so seeded

January 23, 2011 § 1 Comment


Getting a late start in the kitchen last night I dove right into these–I didn’t do the multi-source, cross-check research that is very typical for me before making a new recipe. So, essentially I just used the recipes as they were. I didn’t even read the posted reviews.

I came across the recipes on Facebook in the last couple of weeks. Yep, Facebook. My friend Rena forwarded a bread recipe which turned out to be a forward of a forward. I wonder if there is a word yet for an item that is passed along numerous times? There should be. The soda bread was appealing since I really like seeded and hearty breads. The soup(stew) was listed on Good’s Facebook page. Good is a real printed magazine about things that matter in the world. Good things.

Also, I’ve been very interested in trying my hand at bread making. This soda bread is a “get your feet wet” step, since it isn’t a yeasted bread. I’ve already had my fair share of quickbreads, but now with my new stand mixer I will be trying real bread soon.

Seed collector. I tried to grow fennel in my backyard patio garden a couple of years ago. I didn’t succeed, but I saved the cool stens with seeds. I pulled down those remnants from my pantry. I used them up but it provided less than a teaspoon. Since the Fall other recipes called for pumpkin or sunflower seeds so I had them in my collection. I could have spent a couple of hours arranging just the seed for some interesting photos, if I had a photo lighting set up instead of the overhead fluorescents in my kitchen (belch!), and more time. but just some quick shots of the ingredients are included. Shown in the shots below is only half of the amount used for the bread.

The bread was so easy. Wet added to dry, typical technique. So, prep went quickly. The smell that emanated from the oven was great. Some fennel some flour. The spelt flour definitely added to the aroma. In forty five minutes I had a huge chunk of six-seed soda bread. Without the yeast it doesn’t have the typical bread texture or flavor complexity. It was sort of a cross between a scone and wheat bread. With lots of seeds! I wonder what it will taste like today for lunch? It was a nice partner for the lentil stew.

Dinner last night, was like recreated meal in a vegetarian cafe in SF. Tassajara comes to mind. So pure. The soup was simple to prepare too. maybe too simple? In the end I felt it needed a bit more depth. The base was just a few cloves of chopped garlic. I am sure that a bit of chopped celery, carrots, and shallots would improve the base. And more garlic. But I wanted to stick with recipe. I needed ‘simple’ at the late hour I started dinner.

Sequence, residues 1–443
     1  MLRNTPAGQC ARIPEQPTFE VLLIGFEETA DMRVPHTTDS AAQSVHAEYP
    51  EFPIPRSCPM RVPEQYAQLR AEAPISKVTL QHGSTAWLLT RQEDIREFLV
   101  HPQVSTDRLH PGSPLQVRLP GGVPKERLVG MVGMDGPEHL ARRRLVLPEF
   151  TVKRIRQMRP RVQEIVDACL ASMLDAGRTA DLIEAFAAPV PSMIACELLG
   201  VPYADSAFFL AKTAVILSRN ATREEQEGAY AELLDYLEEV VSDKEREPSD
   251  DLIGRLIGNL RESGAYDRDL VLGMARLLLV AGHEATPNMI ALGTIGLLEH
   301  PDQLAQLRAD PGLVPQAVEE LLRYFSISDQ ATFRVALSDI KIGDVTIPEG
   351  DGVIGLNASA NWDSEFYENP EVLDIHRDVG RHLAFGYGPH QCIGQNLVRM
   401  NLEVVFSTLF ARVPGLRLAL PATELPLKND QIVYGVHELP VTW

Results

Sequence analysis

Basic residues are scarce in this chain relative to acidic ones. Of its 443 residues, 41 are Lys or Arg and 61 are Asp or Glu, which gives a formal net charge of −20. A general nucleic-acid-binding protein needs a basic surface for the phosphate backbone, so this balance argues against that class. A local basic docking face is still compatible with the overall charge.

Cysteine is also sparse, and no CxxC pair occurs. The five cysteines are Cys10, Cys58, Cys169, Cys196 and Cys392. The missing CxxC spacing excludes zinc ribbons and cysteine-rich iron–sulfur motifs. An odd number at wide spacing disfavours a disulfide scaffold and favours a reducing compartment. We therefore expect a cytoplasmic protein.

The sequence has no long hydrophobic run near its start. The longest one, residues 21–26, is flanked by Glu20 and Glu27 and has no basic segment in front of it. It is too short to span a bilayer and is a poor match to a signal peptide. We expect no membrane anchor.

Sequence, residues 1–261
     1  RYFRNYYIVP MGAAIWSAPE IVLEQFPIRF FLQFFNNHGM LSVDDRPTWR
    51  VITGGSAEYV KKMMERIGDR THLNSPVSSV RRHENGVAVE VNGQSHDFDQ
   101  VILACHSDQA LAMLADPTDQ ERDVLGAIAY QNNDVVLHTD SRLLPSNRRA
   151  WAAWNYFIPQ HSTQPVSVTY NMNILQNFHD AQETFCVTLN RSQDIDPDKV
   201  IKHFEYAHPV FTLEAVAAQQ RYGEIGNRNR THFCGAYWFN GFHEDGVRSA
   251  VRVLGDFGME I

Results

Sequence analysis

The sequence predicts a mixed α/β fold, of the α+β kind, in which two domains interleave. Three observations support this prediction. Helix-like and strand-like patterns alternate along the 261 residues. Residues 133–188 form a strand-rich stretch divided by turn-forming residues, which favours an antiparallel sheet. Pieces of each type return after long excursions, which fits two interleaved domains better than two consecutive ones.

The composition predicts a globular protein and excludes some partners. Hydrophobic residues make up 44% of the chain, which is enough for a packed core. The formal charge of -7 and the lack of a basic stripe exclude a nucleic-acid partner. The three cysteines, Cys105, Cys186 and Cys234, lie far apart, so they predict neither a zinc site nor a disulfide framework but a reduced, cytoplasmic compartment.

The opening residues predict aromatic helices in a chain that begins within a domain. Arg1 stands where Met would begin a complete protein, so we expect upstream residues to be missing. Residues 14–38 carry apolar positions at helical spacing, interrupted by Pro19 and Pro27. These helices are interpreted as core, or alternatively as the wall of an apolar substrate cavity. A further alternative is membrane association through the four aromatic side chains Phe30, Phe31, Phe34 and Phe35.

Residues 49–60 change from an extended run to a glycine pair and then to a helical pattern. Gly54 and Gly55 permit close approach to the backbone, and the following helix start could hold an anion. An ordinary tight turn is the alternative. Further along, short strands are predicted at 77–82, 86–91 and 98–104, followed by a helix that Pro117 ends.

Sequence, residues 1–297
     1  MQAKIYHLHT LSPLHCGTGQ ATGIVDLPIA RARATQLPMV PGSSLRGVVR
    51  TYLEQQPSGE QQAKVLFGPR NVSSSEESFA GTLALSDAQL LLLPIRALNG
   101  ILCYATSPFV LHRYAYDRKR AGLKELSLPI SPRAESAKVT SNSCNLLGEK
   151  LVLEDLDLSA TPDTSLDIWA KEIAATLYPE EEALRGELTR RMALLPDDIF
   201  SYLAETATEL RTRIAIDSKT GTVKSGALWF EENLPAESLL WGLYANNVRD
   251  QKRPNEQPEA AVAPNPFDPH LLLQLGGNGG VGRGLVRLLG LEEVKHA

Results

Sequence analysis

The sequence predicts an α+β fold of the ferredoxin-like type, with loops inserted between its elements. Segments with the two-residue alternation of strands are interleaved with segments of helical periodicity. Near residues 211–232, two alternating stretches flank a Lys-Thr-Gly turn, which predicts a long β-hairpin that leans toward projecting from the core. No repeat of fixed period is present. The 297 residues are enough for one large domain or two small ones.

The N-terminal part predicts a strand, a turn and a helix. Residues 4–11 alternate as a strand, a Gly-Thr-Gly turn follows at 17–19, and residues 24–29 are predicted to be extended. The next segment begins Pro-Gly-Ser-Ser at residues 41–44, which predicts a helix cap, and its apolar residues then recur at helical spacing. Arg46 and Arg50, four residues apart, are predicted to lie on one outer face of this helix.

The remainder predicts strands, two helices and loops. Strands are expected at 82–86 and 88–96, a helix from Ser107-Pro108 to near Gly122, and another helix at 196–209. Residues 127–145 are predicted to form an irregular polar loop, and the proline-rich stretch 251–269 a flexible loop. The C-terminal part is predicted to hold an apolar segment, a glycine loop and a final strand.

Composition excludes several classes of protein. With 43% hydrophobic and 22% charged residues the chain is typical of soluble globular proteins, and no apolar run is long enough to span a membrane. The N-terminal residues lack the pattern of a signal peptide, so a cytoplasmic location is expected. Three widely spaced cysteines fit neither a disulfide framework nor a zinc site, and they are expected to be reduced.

I used green french lentils. They hold their shape better than the regular lentils. The original recipe only makes two servings, so I increased the recipe by one-half to ensure leftovers. I used Pacific brand vegetable stock, in the box, which provided 4 cups. I had to add a little water to make up the difference. The quality of the stock has a large part in the resulting soup, vegetable stocks have been disappointing in the past. The Pacific brand was pretty good, not overly carrot-y as some others are. I am still searching for my goto brand. I also added some fresh thyme. Why not? When tasting for salt pepper when the soup was done, I found that the soup was lacking depth so I seasoned just a bowl portion–I added more lemon juice, more cayenne, and some cumin too. Better.  Don’t leave out the fresh lemon and mint, otherwise it’s just plain old lentil soup.

The recipe lists feta cheese as an option, which sounds great but I didn’t have any and didn’t want to make a run for just that. I think this is really not optional in the recipe as it likely adds some complexity and contrast to this simple soup. Maybe some feta for the left over leftovers after my Rainbow foods shop today?
This soup/stew is something I could experiment with in the future. Even now it likely will hit the spot when I get back from my bike ride this afternoon, if I decide not to have a second breakfast instead.

FOLLOWUP EDIT: The soup improved overnight–as expected. I even added the feta, but the flavors in the soup–definitely a stew consistency now–blossomed quite a bit on its own. It wasn’t a simple soup any longer. So maybe either a longer, low simmer or even making it earlier in the day would  intensify the flavor on the cooking day.